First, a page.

Now that the Court has invalidated the European Commission’s adequacy decision for the EU-U.S. Privacy Shield, thousands of  US companies relying on such a mechanism will need to reevaluate their compliance efforts.  The US Commerce Department echoed today the same disappointment likely felt by these companies.  Reminding companies there is still a “US” component very much still intact in the “EU-US Privacy Shield”, the Secretary of Commerce also stated that “today’s decision does not relieve participating organizations of their Privacy Shield obligations.”

CCPA Enforcement Begins Today

Calfifornia Department of Justice - Office of the Attorney General

Beginning on July 1, 2020, the California Attorney General’s office may start sending out warnings of potential CCPA violations and give notified businesses 30 days to correct those violations before facing possible fines or lawsuits.

In rejecting numerous requests to delay CCPA enforcement, Attorney General Xavier Becerra reasoned: “As families continue to move their lives increasingly online, it is essential for Californians to know their privacy options. Our office is committed to enforcing the law starting July 1.”

In November 2020, California voters may take a swipe at the AG’s efforts by approving a new ballot initiative – the California Privacy Rights Act, that creates a privacy enforcement agency some may consider “a woefully underfunded paper tiger” yet will still nevertheless have exclusive enforcement power over certain provisions of CCPA to the exclusion of the AG’s office.

Given the very long gestation period for the proposed CPRA – this ballot law would become effective January 1, 2023 and enforceable on July 1, 2023, the jury is still certainly out on whether its passage would ever directly benefit consumers or just lead to more lobbyist driven amendments by the California duopoly of Google and Facebook. As of right now, the Tech Lords of Stanford certainly remain in complete control.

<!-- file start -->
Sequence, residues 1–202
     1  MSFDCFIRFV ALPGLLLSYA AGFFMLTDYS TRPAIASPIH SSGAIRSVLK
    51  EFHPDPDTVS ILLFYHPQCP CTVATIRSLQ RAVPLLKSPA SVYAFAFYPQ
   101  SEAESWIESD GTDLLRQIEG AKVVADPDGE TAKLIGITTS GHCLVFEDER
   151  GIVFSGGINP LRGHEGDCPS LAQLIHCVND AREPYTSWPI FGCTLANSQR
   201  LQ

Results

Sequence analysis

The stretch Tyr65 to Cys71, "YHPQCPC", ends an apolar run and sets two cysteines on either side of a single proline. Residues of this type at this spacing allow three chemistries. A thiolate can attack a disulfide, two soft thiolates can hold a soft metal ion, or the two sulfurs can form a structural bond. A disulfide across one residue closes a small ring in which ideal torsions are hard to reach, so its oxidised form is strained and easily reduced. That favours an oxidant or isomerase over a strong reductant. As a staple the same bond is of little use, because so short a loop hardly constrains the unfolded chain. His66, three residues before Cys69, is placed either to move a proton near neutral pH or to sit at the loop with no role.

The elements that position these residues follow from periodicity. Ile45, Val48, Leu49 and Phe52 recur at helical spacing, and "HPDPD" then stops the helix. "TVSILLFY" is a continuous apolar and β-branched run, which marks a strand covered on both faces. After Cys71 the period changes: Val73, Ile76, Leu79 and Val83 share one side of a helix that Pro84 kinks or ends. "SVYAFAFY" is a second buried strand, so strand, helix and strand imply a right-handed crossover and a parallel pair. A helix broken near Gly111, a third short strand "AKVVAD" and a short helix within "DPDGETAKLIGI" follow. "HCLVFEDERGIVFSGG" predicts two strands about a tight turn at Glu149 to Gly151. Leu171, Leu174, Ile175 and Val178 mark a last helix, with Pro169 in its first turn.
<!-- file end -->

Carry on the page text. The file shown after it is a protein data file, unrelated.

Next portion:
UPDATE:  November 4, 2020

On November 3, 2020 – despite a significant late push by data oligarchs such as Google, the CPRA ballot initiative won by 56% of the vote.  As stated by Alastair Mactaggart, Chair of Californians for Consumer Privacy and the Prop 24 sponsor:  “With tonight’s historic passage of Prop 24, the California Privacy Rights Act, we are at the beginning of a journey that will profoundly shape the fabric of our society by redefining who is in control of our most personal information and putting consumers back in charge of their own data.”  

Former Presidential candidate, Andrew Yang – who was the Chair of the Board of Advisors for Californians for Consumer Privacy, added:  “I look forward to ushering in a new era of consumer privacy rights with passage of Prop 24, the California Privacy Rights Act. . . . It will sweep the country and I’m grateful to Californians for setting a new higher standard for how our data is treated.”

There is no denying this was a momentous vote.  On the other hand, a lot can happen by the CPRA enforcement date of January 1, 2023 – including passage of a law via standard lobbying channels or a new ballot initiative launched by the data oligarchs either with either one trimming the gains made this last election cycle.

California AG Pushes New Global Opt-Out Privacy Setting

On June 2, 2020, the Office of the California Attorney General (“OAG”) submitted its final proposed regulations under the California Consumer Privacy Act (CCPA) The OAG press release suggests these final regulations clarify “important transparency and accountability mechanisms for businesses subject to the law.” A number of those reviewing these final regulations correctly point out that they have not changed much from the last draft.

The most striking feature of these proposed regulations, however, is actually found in the explanatory reasoning jointly filed by the AG. The OAG Statement of Reasons suggests the OAG may have, in effect, mandated more than what was expressly required under CCPA, namely an opt-out setting for the sale of personal information that can be managed by consumers on a global basis.